In the early days of Formula one, a helmet was just a helmet, and judging by old black and white photos, they were either white or black, or some otherwise unremarkable color. Granted, that was when drivers wore plain coveralls – or even just ordinary shirts and jeans.
Gradually, however, there were a few drivers who tried to set themselves apart. Dan Gurney always wore plain black. Jim Clark wore black with a white visor. Denny Hulme, silver-grey with a double black acing stripe.
Graham Hill’s helmet had a ring of what resembled white fence-pickets on a dark blue background. These were actually the colors and cap design for the London Rowing Club (the pickets were meantto be oar blades), of which he was a member. His son Damon Hill later copied that livery.
Jackie Stewart famously had a plain white helmet decorated with a plaid ring that ran above the visor level of the helmet. The plaid was his family’s Scottish tartan. Stewart, who was a pioneer in the sport in many ways (not least of which was his commercial savvy) probably helped further the concept of helmet livery as personal brand.
Of course, it’s fair to say that it takes a great driver to make a great helmet livery memorable. Ayrton Senna had a simple yet distinctive livery (two stripes, one blue, one green, on a yellow background), using the national colors of Brazil as the motif. Lesser drivers learned to fear this helmet as they saw its approach in their mirrors. Of course, it was Senna’s “take no prisoners” approach to racing that brought Senna’s rivals to attention, and not his helmet per se.
Intentionally or otherwise, Lewis Hamilton now wears a pretty good imitation of Senna’s helmet livery. He claims he adopted it so his father could pick him out from the crowd during his karting days, although he also admits that Senna was his idol during this period, so it seems fair to assume that copied the great Brazilian, consciously or otherwise, when he decided on a helmet motif.
Senna modified his helmet slightly over time, but it was always essentially the same livery, and he recognized its value as a personal brand. In fact, his personal helicopter was painted in the same livery.
Michael Schumacher began his career with a rather motley helmet livery that used the colors of the German flag in a broad horizontal band on a white background, along with a starred blue crown. It wasn’t until Rubens Barrichello joined Ferrari as his team mate that Schumacher changed it. He discovered that from a distance it was difficult for other drivers to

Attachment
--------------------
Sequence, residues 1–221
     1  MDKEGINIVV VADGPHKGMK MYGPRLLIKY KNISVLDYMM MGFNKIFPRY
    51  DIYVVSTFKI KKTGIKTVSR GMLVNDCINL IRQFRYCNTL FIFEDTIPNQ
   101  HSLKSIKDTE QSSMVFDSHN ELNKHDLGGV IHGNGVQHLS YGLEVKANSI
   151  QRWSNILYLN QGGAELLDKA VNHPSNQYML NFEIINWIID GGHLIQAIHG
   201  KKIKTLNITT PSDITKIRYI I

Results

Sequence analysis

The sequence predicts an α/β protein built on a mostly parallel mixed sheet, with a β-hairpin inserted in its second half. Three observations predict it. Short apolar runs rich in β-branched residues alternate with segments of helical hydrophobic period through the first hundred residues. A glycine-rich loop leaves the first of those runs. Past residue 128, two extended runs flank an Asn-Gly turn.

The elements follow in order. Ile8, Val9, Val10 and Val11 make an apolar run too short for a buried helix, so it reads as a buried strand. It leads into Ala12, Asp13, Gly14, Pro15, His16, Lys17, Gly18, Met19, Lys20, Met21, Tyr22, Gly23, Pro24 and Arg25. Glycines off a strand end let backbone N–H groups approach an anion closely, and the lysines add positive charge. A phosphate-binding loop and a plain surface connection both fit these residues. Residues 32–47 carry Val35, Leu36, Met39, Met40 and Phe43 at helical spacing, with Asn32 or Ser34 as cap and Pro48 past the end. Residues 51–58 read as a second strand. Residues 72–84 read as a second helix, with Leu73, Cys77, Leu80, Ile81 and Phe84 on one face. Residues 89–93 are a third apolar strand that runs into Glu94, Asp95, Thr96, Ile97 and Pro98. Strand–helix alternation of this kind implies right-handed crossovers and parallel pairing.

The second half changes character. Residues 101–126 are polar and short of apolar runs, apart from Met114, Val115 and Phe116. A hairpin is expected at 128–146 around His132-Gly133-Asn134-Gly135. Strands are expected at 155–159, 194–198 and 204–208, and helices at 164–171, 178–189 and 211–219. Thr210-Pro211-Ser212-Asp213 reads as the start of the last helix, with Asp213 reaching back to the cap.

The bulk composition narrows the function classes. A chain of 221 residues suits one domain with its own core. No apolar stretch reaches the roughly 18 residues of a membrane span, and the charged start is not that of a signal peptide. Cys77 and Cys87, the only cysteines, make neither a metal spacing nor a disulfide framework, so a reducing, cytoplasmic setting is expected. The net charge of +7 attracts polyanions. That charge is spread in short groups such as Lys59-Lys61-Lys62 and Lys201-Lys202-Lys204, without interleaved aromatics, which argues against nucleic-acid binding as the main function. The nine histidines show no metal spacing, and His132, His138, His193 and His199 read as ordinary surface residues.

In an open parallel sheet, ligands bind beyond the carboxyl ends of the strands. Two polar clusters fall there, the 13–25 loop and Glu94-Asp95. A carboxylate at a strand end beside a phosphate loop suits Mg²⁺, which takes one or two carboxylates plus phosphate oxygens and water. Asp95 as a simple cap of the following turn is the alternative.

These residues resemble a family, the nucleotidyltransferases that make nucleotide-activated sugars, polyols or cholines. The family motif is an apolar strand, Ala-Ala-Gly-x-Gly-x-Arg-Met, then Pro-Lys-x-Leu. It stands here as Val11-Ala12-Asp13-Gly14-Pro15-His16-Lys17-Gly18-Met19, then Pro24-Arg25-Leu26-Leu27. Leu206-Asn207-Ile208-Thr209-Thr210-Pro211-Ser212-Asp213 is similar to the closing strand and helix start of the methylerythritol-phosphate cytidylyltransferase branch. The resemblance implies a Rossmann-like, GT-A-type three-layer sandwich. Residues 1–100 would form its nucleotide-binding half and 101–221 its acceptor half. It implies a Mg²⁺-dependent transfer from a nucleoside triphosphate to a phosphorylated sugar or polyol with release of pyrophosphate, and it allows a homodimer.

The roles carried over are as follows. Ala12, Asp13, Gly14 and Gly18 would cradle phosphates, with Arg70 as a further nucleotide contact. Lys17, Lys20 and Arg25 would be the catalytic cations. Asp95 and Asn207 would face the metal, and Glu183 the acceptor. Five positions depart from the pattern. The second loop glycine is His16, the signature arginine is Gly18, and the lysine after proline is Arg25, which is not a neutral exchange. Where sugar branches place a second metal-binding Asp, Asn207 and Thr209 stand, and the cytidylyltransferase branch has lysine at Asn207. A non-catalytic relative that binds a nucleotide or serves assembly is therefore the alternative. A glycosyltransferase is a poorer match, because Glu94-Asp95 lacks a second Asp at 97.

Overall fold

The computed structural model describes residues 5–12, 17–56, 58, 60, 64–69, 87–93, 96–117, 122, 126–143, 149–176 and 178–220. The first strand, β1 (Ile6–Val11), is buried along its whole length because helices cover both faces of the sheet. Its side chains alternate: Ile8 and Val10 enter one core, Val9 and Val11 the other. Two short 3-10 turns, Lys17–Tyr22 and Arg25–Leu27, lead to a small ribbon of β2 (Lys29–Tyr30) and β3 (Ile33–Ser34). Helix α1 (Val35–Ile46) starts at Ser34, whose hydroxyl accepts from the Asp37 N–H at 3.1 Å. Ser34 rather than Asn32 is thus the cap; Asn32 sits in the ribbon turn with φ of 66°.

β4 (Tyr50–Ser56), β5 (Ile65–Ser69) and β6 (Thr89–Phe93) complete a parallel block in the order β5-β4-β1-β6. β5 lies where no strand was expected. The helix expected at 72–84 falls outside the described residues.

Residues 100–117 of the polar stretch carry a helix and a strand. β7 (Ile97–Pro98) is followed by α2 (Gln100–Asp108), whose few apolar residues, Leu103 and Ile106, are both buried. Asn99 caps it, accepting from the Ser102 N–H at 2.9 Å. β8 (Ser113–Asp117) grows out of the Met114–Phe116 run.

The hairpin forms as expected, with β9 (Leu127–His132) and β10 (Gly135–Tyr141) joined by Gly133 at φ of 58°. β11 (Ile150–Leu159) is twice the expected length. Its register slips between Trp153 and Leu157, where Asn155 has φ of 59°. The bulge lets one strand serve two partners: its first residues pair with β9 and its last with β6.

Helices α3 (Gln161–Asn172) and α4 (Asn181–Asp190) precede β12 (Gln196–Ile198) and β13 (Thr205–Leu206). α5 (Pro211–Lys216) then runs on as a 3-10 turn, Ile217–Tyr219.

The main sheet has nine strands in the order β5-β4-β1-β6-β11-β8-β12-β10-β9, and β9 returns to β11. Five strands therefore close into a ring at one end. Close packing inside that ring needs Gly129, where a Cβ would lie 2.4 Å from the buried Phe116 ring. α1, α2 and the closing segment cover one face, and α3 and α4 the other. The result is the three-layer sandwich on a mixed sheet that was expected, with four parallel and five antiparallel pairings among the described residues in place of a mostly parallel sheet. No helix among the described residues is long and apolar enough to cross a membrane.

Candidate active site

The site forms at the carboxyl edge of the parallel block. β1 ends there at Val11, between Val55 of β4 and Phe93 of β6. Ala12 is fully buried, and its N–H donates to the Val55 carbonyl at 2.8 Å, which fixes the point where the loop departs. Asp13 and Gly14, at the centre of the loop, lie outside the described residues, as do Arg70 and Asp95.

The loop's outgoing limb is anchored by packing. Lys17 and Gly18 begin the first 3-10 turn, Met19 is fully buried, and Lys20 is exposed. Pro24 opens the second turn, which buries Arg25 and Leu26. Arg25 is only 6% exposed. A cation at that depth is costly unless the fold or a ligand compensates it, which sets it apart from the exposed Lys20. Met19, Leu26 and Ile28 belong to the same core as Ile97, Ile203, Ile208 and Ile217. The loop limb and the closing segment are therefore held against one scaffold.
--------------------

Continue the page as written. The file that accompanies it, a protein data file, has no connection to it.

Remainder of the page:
distinguish his helmet from the Barrichello’s. Taking a page from Senna’s book, he likely wanted drivers who saw him in their mirrors to know it was the German ace breathing down their necks, and not his Brazilian number two. So he adopted the Ferrari red design, which he continues to wear even now that he’s driving a Silver Arrows in his comeback with Mercedes.
While drivers have been prone to changing liveries from time to time, it seems to have become an annual routine for some drivers. Kimi Raikkonen changed his several times during his F1 career, and Sebastian Vettel, probably setting a new record, now seems to change his helmet livery almost on a per race basis, depending on his mood.
One prominent driver, however, stands out for his consistency in introducing a new helmet design for each racing season, much the way each team unveils a new livery for each year’s car. Fernando Alonso has had a changing seasonal helmet motif at least since 2004. Attached to this post, you can see each year’s iteration. The 2007 model easily qualifies for a “one of these things is not like the others” contest. Of course, that was the helmet he wore during his one and only year at McLaren. The other liveries all show a natural continuity, incorporating Spain’s national colors (red and yellow) with the color of Alonso’s home state, Asturias, in northern Spain (light blue).
Alonso’s 2010 helmet design most closely resembles the livery he wore in 2006. He’ll be switching brands from Arai to Schuberth, however, as the German helmet maker is a technical partner of Ferrari’s. This might or might not be significant, depending on how superstitious Alonso is. It was in 2006 that he last won the F1 world championship.